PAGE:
While day trips to the park’s picnic grounds and beaches are common, the best way to see Le Parc National de la Mauricie is to explore the areas away from the one paved road by hiking the extensive network of trails. There are day hike trails ranging from the short (1.5 kilometer return) Lac-Etienne Trail starting at Lac-Eduoard to the longer (17 kilometer loop) Les Duex Criques Trail from the Riviere-a-la-Peche Service Centre. One of the shorter trails (3 kilometer return), Lac-Gabet Trail, goes through a stand of Sugar Maples. For the experienced backpacker, there is the Laurentien Trail. This 75 kilometer long back woods hike will take at least five days of serious walking, if you do not stop too often for the views or to swim in the inviting pools or water falls.
Looking at le carte de la Mauricie, or map of the park, one can see that these trails will take you through a varied landscape. With altitudes ranging from 100 meters to only 500 meters, there are no towering mountain peaks in the park. It is mainly rolling hills and deep valleys. It lies astride the boundary between the northern Boreal Forests and the southern Broad-leafed Hardwood Forests. Because of the extensive areas of logging and tree farming in the parks past, Le Park National de la Mauricie has a wide variety of trees, 30 species in almost 100 distinct plant communities. This combined with the large network of lakes and ponds, 150 by one count, ensures that there is always something new to find while exploring this park.
With these water features making up almost 7% of the park area, a popular alternative to hiking is canoeing. Whether you want to spend a leisurely day exploring one of the larger lakes, like Wapizagonke Lake, or try the more adventurous canoe-portage trips along a series of lakes, you will find that this provides a unique view of the flora, fauna and geography of Le Parc National de la Mauricie. Spectacular forests, waterfalls and water gardens can be seen from this perspective.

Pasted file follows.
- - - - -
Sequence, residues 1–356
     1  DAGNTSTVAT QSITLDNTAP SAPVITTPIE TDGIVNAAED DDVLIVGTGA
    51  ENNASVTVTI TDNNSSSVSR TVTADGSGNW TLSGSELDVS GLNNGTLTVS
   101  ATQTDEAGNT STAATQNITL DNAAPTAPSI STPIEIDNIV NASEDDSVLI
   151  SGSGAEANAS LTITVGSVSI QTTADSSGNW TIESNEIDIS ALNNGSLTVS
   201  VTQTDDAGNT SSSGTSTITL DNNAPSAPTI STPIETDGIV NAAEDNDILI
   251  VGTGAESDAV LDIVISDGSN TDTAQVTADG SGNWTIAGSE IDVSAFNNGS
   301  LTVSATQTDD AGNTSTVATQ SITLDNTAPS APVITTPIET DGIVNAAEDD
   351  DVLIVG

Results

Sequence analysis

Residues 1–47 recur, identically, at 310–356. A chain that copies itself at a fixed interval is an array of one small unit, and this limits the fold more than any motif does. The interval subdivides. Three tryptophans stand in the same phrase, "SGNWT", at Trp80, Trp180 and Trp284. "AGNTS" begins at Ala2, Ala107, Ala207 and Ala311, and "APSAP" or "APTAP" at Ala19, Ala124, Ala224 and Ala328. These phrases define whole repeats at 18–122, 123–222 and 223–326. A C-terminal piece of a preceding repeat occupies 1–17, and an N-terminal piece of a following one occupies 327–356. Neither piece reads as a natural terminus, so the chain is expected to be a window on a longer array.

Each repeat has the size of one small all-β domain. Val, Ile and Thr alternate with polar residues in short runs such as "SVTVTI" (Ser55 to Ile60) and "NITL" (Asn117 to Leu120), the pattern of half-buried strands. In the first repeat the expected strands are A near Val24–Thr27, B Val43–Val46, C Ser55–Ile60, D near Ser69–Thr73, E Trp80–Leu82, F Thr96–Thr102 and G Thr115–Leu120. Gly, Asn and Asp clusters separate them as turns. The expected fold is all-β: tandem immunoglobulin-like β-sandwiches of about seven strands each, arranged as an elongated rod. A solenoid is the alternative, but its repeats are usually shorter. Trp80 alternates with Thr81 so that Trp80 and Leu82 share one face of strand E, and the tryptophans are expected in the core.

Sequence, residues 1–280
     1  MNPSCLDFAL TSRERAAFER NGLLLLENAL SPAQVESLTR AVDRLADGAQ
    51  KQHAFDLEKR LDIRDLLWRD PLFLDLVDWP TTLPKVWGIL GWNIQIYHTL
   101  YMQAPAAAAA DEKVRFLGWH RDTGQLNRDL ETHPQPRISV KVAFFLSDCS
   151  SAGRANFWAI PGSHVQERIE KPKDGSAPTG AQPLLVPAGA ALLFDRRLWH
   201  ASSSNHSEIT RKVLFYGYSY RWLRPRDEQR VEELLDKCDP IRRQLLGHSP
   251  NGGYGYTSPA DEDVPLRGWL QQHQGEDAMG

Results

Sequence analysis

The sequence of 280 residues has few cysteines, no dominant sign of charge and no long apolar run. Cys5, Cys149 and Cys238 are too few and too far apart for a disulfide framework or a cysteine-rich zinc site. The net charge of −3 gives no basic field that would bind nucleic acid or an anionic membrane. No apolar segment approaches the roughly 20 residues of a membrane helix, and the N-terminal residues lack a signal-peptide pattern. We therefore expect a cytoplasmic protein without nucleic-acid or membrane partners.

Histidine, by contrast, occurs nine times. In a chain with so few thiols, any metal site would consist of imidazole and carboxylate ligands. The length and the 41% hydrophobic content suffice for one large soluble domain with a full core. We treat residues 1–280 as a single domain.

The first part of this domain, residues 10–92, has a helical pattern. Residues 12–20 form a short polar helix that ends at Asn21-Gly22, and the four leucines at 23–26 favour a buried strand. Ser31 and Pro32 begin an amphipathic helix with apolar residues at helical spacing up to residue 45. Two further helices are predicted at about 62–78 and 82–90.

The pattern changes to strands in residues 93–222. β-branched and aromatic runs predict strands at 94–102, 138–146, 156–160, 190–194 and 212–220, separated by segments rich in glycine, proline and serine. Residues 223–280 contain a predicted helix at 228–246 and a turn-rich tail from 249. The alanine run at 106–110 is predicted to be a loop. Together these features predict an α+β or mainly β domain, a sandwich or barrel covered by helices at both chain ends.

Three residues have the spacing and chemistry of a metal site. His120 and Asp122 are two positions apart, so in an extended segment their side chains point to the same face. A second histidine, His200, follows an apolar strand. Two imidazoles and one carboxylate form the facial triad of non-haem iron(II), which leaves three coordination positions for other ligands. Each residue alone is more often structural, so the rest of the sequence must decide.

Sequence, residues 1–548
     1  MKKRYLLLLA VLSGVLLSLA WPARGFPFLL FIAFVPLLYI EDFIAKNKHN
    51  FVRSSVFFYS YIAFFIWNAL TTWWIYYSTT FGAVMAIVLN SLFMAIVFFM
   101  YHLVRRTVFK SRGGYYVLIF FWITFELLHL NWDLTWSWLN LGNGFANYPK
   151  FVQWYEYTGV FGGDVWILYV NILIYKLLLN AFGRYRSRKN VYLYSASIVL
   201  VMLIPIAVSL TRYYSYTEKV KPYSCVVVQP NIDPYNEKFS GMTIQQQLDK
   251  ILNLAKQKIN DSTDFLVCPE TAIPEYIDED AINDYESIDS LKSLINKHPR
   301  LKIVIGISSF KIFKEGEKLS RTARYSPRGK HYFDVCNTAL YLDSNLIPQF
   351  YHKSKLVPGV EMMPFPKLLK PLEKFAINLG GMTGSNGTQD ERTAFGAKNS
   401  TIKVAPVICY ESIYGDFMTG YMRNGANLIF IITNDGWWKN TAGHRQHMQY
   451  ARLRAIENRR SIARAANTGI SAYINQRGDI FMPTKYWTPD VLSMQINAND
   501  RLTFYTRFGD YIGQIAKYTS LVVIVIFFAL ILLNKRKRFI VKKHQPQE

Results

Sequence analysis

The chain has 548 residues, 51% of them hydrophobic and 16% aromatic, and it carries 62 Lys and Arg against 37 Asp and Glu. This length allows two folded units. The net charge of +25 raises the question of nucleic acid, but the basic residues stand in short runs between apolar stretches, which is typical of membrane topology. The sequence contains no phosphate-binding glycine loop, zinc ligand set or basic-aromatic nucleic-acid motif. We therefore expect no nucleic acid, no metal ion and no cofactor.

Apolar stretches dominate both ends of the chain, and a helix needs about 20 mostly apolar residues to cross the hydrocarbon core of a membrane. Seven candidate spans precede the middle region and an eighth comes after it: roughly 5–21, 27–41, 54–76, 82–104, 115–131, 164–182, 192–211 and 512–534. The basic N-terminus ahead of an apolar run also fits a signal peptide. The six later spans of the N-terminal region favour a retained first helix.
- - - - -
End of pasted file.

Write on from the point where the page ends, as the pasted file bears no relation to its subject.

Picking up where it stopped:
Quietly floating along the surface of one of the many lakes gives one a chance to see the wide variety of animals that call the park home. Moose, black bear and deer can be found drinking along the waters edge, along with a wide range of smaller mammals. Beaver, mink and otter are more likely to be seen in the water than on dry land. Birds abound, 180 different species have been sighted in the park with almost half being confirmed as nesting here. While on the lakes you are most likely to see loons, black ducks and ring-necked ducks. If you are fortunate you may spot one of the twelve species of raptors fishing for a daily meal.
If hiking or canoeing is too slow for you, there is an extensive network of mountain biking trails. There is the popular 30 kilometer park circuit. Or you can bike any of the old logging roads that cross the park. The authorities even allow mountain biking on four of the gravel paved hiking trails. Certainly this is a faster way to explore the park, just remember to stop periodically to enjoy the view.
Le Parc National de la Mauricie, or the la Mauricie National Park, has something for everyone, in any language. Easily accessible, the park gives nearby city dwellers a multitude of chances to explore Mother Nature.